President Tommy Remengesau said in the race to secure COVID-19 vaccines, small, developing countries, including Palau should not be left behind.
Remengesau made the call on Wednesday in his address to the virtual United Nations General Assembly’s Debate.
He said that the access to vaccines should be open for all and will protect all , developed and developing nations.
“We know that this pandemic is far from over, and small islands cannot also be left out in the race to seek an effective vaccine. In a global community, parts of the world cannot be made safe in isolation. Vaccine hoarding will harm us all. Palau’s recovery from the economic crisis of COVID-19 will not be possible without sharing in this process to develop a vaccine,” Remengesau said.
The president said though Palau remains COVID-free, the pandemic has wreaked havoc to its economy especially with the border closure impacting supply chains.
“This pandemic has put Palau into a level of isolation we have not known for many, many years. We struggle with disruptions to supply chains for food and essential medicines,’ he said.
He also highlighted the devastating impact to the private sector that is reliant on tourism.
Remenegsau said jobs are lost in the private sector due to the pandemic, which he said could take years to recover.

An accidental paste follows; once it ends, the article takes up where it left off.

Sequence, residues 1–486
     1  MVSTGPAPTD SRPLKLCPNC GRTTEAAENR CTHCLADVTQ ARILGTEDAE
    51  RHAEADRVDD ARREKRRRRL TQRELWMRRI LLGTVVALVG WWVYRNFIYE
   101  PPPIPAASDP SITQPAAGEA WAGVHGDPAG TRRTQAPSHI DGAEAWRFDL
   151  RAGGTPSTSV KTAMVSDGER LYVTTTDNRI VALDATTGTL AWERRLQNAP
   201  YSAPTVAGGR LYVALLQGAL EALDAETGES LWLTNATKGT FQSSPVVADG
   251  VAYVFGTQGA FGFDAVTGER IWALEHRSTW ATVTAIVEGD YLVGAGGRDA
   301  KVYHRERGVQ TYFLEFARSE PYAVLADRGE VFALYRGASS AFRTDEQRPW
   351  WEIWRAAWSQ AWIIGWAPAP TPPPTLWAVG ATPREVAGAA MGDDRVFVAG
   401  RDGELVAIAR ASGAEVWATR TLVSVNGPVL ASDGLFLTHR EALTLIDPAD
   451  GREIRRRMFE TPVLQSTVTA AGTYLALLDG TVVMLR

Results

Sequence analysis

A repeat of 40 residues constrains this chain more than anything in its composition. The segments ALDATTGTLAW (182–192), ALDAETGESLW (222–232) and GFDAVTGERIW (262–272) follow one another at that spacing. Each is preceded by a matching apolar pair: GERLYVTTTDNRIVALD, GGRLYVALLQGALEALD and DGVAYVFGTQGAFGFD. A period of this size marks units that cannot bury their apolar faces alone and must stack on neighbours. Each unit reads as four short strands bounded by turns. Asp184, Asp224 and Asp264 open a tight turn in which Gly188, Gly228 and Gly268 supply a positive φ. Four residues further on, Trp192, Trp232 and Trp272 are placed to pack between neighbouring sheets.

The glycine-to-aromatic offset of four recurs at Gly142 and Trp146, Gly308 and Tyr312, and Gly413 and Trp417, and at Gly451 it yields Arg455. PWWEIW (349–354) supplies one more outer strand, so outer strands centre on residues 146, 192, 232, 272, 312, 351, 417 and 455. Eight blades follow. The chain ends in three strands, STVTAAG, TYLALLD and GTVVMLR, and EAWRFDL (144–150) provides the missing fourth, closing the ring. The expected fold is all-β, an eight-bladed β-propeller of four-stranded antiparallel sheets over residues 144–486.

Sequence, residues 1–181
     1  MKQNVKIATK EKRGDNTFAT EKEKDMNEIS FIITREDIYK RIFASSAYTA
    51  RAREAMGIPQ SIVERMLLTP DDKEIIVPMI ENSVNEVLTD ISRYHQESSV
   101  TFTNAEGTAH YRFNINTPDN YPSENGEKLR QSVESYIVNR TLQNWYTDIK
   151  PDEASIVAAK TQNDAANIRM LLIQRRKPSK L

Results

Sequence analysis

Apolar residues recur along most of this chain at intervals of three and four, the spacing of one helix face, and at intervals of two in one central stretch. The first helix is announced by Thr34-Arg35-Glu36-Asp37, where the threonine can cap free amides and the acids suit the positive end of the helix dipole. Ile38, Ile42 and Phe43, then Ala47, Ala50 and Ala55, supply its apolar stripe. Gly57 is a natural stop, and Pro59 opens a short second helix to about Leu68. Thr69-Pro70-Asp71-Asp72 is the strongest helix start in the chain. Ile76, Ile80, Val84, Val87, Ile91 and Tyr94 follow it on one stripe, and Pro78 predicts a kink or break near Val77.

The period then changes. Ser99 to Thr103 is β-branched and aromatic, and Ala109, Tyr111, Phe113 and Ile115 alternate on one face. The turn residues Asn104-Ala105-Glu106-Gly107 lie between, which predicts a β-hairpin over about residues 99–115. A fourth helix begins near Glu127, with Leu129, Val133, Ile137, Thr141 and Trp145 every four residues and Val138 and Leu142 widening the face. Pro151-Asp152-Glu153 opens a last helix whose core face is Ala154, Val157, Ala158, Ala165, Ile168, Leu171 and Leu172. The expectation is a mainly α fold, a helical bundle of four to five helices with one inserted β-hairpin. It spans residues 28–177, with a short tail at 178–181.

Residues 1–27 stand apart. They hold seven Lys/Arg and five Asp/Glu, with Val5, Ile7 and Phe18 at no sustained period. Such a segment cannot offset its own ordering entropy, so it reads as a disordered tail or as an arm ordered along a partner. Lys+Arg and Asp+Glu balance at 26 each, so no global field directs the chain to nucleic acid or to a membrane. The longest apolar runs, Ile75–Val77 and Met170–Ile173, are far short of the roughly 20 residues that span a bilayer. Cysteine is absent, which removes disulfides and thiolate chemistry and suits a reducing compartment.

He said that is why there is a need for the vaccines to be available globally.
Palau, he said , would be participating in COVAX facilities being coordinated by GAVI to ensure they have access to vaccines.
Remengesau said Palau also continues to work with its closest allies, such as the United States to secure the vaccine, once they become available.
Earlier, the United Nations, the International Red Cross and Red Crescent, and others stressed that it’s a “moral imperative” that everyone have access to a “people’s vaccine.”
However some already find that equal access will be a problem as many rich countries have made advance orders for the vaccine to ensure that their people get immunized first, which could leave the poorer nations behind.